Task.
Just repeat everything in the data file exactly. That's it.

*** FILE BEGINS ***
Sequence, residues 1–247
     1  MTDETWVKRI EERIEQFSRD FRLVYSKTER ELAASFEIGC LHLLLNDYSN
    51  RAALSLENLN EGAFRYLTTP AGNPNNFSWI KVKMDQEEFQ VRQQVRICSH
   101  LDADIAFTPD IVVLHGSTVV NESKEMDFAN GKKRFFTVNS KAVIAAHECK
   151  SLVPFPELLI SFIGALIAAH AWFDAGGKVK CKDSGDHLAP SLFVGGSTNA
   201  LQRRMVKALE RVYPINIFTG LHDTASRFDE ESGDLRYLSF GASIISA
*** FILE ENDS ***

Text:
Sequence, residues 1–247
     1  MTDETWVKRI EERIEQFSRD FRLVYSKTER ELAASFEIGC LHLLLNDYSN
    51  RAALSLENLN EGAFRYLTTP AGNPNNFSWI KVKMDQEEFQ VRQQVRICSH
   101  LDADIAFTPD IVVLHGSTVV NESKEMDFAN GKKRFFTVNS KAVIAAHECK
   151  SLVPFPELLI SFIGALIAAH AWFDAGGKVK CKDSGDHLAP SLFVGGSTNA
   201  LQRRMVKALE RVYPINIFTG LHDTASRFDE ESGDLRYLSF GASIISA